Iceland- Nature’s Cradle

Hitting headlines, topping bucket lists, wooing nature lovers and dazzling increasing numbers of visitors – there seems no end to the talents of this breath taking northern destination. Take a winter holiday to experience the natural phenomenon of the northern lights or go in summer for wildlife favourites like puffins and whales. Join us late February and early March 2020 for a group tour to explore the Northern Lights

An underpopulated island marooned near the top of the globe is a new destination on the travelers map when it comes to exploration. Iceland is literally a country in the making. It’s a vast volcanic laboratory where mighty forces shape the earth: geysers gush, mud pots gloop, ice-covered volcanoes rumble and glaciers cut great pathways through the mountains. Its supercharged splendour seems designed to remind visitors of their utter insignificance in the greater scheme of things. And it works a treat: some crisp clean air, an eyeful of the cinematic landscapes, and everyone is transfixed.

We undertake the tour in February end to see one of Nature’s wonder as it unfolds right in front of our eyes when the nature opens the biggest show on planet earth. This is one show which creates a memory of lifetime for you as the biggest stage is set for a performance by nature.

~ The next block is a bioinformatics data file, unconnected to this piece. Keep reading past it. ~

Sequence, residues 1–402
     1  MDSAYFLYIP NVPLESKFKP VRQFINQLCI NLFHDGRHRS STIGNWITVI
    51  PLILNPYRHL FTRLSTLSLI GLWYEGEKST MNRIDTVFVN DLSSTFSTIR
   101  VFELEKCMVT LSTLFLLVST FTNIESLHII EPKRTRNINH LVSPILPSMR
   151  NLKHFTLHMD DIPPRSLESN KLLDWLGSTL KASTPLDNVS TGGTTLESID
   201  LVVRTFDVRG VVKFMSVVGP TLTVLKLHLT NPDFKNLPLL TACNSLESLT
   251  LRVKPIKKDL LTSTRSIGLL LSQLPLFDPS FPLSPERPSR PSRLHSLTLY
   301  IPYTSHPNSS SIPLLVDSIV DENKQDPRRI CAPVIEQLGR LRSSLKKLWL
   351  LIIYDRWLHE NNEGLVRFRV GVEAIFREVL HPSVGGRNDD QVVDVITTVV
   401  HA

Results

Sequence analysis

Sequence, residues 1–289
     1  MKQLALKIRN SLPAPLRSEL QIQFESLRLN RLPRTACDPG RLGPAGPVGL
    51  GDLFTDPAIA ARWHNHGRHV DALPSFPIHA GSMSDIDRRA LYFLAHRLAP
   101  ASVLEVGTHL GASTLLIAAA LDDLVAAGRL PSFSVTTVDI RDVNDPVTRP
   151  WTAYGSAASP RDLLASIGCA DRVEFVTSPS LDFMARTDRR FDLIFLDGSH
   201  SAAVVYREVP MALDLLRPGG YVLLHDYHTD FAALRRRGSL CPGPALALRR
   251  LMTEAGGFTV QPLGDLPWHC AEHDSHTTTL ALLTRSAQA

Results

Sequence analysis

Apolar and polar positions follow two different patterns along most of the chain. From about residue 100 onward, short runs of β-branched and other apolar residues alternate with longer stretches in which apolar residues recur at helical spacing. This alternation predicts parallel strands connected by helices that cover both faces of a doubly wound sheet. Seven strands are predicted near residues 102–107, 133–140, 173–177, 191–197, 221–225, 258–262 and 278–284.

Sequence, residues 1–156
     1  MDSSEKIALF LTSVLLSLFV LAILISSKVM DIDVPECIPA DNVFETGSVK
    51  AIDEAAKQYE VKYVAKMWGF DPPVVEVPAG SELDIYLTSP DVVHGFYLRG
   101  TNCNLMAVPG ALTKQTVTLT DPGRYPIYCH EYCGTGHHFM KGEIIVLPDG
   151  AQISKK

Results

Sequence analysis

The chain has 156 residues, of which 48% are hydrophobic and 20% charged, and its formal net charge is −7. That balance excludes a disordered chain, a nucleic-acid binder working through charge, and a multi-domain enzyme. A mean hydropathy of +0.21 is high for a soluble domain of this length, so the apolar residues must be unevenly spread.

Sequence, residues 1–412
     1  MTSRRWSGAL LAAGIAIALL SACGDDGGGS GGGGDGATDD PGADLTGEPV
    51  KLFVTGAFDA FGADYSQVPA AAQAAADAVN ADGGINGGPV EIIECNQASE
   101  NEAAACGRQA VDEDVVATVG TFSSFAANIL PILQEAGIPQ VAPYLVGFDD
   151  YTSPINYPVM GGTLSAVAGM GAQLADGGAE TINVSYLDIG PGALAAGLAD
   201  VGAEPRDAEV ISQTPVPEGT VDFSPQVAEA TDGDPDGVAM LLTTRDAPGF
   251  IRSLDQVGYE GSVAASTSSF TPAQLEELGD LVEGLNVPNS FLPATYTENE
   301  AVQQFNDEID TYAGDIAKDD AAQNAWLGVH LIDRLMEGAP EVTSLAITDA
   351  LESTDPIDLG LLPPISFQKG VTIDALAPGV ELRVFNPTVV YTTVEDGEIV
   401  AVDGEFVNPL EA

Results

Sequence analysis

The Aurora Borealis takes its name from Aurora, the roman goddess of dawn and Boreas, the Greek name for the north wind. On clear, crisp winter nights you can experience the magical dancing of the northern lights across the sky. Seeing this magnificent light show with various colors dancing and twirling before your eyes is nothing short of astounding and each display is unique. The Northern lights are one of the biggest draws to visiting Iceland in the winters, the downside being that they are natural phenomena thus elusive and unpredictable. But Iceland in itself is a winter wonderland where you can experience snow covered waterfalls at every corner, sunrises and sunsets that reflect pink and orange across the sky and pitch-black lava fields covered with a blanket of snow.

The best time of the year is on the darker time of the year so it has to be winters from late September to late March is the best time of the year to spot them. The best time of the day is after it gets darker, the optimum time seems to be around 9:30pm to 1 am and that is when we take the tour to spot them.

Where to see Northern Lights in Iceland- There are numerous tour operators offering these late-night sightseeing excursions from Reykjavik and rest assured we puck the best of the whole lot to get you a pleasant memory of lifetime. Our guides are highly skilled in hunting the lights finding locations where conditions are best for seeing them. We offer northern lights friendly accommodations on this itinerary when outside Reykjavik.

This is a group tour with 12 members departing on 28 Feb 2020

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